Raspberry Pi For Dummies Cheat Sheet

From Raspberry Pi For Dummies by Sean McManus, Mike Cook

The Raspberry Pi is perhaps the most inspiring computer available today. It comes with the tools you need to start making your own software, and you can connect your own electronic inventions to it. It's different from other computers you've used, however, so it can take a little time to get started with it. These tips show you how to discover and install great free software on your Raspberry Pi and how to fix common problems in your Raspberry Pi setup.

How to Install Games and Other Software on the Raspberry Pi

Lots of free Linux software is available for the Raspberry Pi, and you can install it in two different ways. The most obvious and user-friendly is to use the Pi Store in the desktop environment, but a much wider range of software is available if you use the Linux shell.

Here's how you can find, download, and install software packages using the shell:

1. Log in to your Raspberry Pi, but don't enter the desktop environment.

Alternatively, if you're in the desktop environment, double-click the LXTerminal icon to open a shell session.

2. The first step in installing software is to update the repository, which is the list of packages the package manager knows about. You do that by entering the following command: sudo apt-get update

3. The apt cache contains an index of all the software packages available, and you can search it to find the software you want. For example, you can find all the games by using sudo apt-cache search game | less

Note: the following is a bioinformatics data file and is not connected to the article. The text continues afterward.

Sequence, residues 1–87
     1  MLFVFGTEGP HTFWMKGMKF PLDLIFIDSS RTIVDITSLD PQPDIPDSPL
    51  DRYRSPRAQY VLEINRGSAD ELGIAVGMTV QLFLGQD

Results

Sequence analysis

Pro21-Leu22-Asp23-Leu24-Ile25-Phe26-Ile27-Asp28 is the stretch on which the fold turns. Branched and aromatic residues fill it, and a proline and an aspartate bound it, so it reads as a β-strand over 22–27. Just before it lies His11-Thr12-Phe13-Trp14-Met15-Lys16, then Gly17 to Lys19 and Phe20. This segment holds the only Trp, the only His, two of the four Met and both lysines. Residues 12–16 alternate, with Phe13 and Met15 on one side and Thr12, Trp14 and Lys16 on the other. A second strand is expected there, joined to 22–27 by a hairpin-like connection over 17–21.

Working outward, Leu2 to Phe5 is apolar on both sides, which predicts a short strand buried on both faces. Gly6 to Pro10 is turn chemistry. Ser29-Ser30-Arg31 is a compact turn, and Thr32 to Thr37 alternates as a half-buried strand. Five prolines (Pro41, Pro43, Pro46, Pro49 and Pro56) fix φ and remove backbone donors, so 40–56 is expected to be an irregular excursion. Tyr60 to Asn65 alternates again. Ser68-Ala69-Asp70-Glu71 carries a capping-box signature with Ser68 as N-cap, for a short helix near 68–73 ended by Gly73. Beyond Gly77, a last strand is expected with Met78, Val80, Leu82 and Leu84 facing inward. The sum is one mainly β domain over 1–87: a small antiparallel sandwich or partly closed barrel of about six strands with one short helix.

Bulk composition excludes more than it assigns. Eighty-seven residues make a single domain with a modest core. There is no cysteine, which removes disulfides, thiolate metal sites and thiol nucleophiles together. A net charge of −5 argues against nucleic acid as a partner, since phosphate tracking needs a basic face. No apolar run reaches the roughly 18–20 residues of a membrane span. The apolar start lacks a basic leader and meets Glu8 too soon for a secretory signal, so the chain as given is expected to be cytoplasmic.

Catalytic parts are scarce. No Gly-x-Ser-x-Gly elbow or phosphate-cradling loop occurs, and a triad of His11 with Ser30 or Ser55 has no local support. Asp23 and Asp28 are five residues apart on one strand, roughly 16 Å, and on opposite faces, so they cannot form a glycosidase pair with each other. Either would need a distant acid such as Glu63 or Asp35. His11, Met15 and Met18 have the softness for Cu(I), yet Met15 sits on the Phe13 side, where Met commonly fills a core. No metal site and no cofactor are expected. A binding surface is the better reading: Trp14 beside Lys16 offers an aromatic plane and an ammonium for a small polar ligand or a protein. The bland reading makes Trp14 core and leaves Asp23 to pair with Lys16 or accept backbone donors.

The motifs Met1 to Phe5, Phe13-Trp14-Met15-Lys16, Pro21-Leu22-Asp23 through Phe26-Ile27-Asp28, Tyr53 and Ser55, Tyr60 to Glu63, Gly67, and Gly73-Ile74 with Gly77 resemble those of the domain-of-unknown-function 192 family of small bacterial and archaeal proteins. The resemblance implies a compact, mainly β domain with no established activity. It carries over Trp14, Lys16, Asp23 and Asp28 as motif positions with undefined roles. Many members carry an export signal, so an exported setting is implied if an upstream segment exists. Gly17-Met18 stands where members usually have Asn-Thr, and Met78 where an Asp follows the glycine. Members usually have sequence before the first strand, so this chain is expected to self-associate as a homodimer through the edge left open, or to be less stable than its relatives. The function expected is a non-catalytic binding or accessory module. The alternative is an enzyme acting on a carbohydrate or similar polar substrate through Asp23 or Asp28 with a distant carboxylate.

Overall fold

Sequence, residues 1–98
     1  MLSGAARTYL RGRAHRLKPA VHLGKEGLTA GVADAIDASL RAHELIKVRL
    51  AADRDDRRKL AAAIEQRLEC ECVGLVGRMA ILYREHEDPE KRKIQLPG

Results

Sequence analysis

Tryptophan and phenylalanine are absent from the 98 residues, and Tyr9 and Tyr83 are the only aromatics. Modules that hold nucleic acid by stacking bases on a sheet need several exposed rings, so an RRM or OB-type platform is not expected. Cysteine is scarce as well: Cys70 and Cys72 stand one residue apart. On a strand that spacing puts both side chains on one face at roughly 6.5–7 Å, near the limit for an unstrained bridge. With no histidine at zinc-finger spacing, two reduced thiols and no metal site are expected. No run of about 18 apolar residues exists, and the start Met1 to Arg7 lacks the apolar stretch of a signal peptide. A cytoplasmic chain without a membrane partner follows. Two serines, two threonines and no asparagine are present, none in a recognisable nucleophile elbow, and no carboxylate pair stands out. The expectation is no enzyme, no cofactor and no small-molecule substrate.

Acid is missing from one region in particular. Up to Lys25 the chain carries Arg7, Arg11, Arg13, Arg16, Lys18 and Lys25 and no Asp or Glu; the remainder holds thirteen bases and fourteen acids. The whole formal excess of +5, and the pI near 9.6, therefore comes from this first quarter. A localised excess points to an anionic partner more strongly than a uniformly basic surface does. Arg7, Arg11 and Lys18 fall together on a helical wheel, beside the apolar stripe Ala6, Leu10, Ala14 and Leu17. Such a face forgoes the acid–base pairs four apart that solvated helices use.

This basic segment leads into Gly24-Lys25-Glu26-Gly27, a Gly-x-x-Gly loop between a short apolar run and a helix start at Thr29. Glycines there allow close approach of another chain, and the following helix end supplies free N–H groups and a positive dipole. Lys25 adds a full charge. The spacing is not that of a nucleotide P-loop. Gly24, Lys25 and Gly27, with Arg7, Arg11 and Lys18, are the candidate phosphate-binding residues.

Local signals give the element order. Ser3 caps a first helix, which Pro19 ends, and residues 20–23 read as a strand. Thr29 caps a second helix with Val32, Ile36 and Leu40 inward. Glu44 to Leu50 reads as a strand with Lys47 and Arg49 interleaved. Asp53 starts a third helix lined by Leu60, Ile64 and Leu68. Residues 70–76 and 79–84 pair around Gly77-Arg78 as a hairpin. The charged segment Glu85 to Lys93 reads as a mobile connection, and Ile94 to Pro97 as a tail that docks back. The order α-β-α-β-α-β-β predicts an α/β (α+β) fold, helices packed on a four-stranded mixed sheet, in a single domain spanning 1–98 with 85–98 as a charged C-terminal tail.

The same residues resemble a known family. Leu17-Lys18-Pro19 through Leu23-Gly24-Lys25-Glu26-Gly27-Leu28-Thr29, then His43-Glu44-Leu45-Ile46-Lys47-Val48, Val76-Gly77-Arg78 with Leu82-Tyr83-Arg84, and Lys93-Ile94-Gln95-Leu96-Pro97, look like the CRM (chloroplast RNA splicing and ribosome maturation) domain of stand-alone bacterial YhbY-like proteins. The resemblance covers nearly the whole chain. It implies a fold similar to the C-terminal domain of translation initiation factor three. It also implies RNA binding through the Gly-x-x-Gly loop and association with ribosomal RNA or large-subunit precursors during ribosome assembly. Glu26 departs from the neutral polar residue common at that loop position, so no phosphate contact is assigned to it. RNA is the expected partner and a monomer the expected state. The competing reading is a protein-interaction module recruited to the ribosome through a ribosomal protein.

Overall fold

From this listing, find a package you want to install. Each line has the name of a package, a hyphen, and then a description of the package.

4. Use the up and down cursor keys (or Page Up and Page Down keys) to move through the list of files. Press Q to finish browsing the list.

In the listing, the bit before the hyphen tells you the name of the package, which is what you need to know to be able to install it. That might not be the same as the game's title or its popular name.

5. When you know the name of the package you would like to install, the following command downloads it from the Internet and installs it, together with any other packages it needs to work correctly (known as dependencies): sudo apt-get install penguinspuzzle.

The last bit (penguinspuzzle) is the name of a package found by searching the cache.

Your software is now installed! You should be able to run it either from the shell by entering its name (for example, penguinspuzzle), or through your Programs menu in the desktop environment.


Leave a Reply.


    Have you made something fascinating? Click on 'Save with Wiley' for your chance to contribute to our blog!


    July 2013
    June 2013